This post was created in partnership with California Strawberries. All thoughts and opinions are my own.

These stuffed conchas are filled with a creamy vegan nutella and sliced California strawberries. A sweet treat that the whole family will enjoy!

Avocado added to chocolate nut spread in food processor

What are conchas?

Conchas are a Mexican sweet bread in the shape of a shell. It one of the most well known “ pan dulce “. It is a pillowy pastry with a crunchy cookie top. It is perfect for dipping in hot chocolate or a hot cup of coffee.

vegan nutella (nut spread) in a mason jar on a white background

They are amazing eaten alone, but if you want to take your concha to the next level you have to try it with this homemade vegan nutella and fresh California strawberries.

Vegan nutella piped on a concha on a white and blue plate
Sliced strawberries on top of the piped vegan nutella

How do you make Vegan Nutella?

I chose to make this chocolate-nut spread with cashews instead of the traditional hazelnuts. The soaked cashews give it a mild nut flavor that lets the bittersweet chocolate stand out. The secret to the creaminess of this spread is a little bit of avocado! I promise you won’t even know it’s there.

stuffed concha with vegan nutella and strawberries on a white and blue plate with strawberries in the background on a pink and gray napkin

We Love Strawberries!!

We love strawberries in this house we like to add them to our desserts like this stuffed concha, but we also love to make paletas, salads, pancakes, and even tamales. The best part is that they are not only delicious but healthy! Strawberries are full of vitamins and nutrients. Did you know that one serving of strawberries has a full day’s value of vitamin C?? They are also packed with antioxidants, and potassium, folate, and fiber.

overhead shot of stuffed concha filled with vegan nutella and strawberries

California Strawberries:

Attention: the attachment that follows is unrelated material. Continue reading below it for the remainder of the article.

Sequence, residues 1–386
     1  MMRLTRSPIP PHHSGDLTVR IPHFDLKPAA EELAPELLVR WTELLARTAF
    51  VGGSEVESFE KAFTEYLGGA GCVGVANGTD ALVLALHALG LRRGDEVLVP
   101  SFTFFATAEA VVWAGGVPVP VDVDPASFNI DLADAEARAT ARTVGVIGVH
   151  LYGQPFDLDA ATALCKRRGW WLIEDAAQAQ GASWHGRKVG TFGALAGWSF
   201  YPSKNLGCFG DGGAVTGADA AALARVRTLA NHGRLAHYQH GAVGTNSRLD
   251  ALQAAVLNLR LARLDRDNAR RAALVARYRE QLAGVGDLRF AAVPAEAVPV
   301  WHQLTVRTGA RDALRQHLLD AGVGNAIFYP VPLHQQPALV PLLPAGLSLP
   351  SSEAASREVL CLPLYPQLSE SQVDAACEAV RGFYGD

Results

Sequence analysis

California is the nation’s leading producer of strawberries. Which means that it’s probable the strawberries you are getting from your local grocery store are from California. California’s rich, sandy coastal soils, western ocean exposure and moderate temperatures are the perfect combination for a year-round strawberry growing season. We actually lived in California for about 3 years and we loved going strawberry picking at our local Orange County farm. California strawberries are so sweet and juicy right of the vine!

stuffed concha with vegan nutella and strawberries with a piece cut off to show the inside

The Recipe: Stuffed Conchas with Vegan Nutella and Strawberries

I used my vegan concha recipe for this, but you can also purchase your own conchas if you don’t feel like making them.

If you are allergic to cashews you can use almonds or go back to the traditional hazelnut.

I used my food processor for this, but you could also use a high powered blender.

little girl holding the stuffed concha with a smile on her face

This post was created in partnership with California Strawberries. THIS IS WHERE YOU CAN FIND THE RECIPE FOR THE STUFFED CONCHAS WITH CHOCOLATE NUT SPREAD AND STRAWBERRIES.

This post was created in partnership with California Strawberries. All thoughts and opinions are my own.

Strawberry season is upon us and this easy vegan carlota de fresa is the perfect dessert to showcase those sweet juicy strawberries. Carlota de fresa is a strawberry icebox cake that is popular in Mexico, it consists of a silky strawberry-lime cream, and layers of Maria cookies. There’s no baking required so it’s super easy to make!!

Strawberries, tofu, sugar and lime juice in blender

As a child sometimes I would prefer the carlota de fresa or carlota de limon instead of birthday cake, since especially in the summer months this dessert is so refreshing!! What makes this dessert so special is another childhood favorite, Maria cookies. My grandmother used to love having them with her coffee, and I have so many fond memories of snacking on cookies at her kitchen table.

Blended strawberry mixture in a pink bowl

Healthy Snacking:

While we enjoy strawberries in our desserts, there’s another way we enjoy strawberries even more, and that’s snacking on them! I have three kids, and if you have kids you know they want to snack ALL OF THE TIME! What better snack than a big bowl of strawberries with some chocolate hummus or some nuts. Strawberries are full of vitamins and nutrients. Did you know that one serving of strawberries has a full day’s value of vitamin C?? They are also packed with antioxidants, and potassium, folate, and fiber.

parchment paper lined glass baking dish lined with rows of Maria cookies

California Strawberries:

California is the nation’s leading producer of strawberries. Which means that it’s probable the strawberries you are getting from your local grocery store are from California. California’s rich, sandy coastal soils, western ocean exposure and moderate temperatures are the perfect combination for a year-round strawberry growing season. We actually lived in California for about 3 years and we loved going strawberry picking at our local Orange County farm. California strawberries are so sweet and juicy right of the vine!

Parchment paper lined glass baking dish lined with Maria cookies, strawberry cream, and fresh strawberries.

How to Choose the Best Strawberries: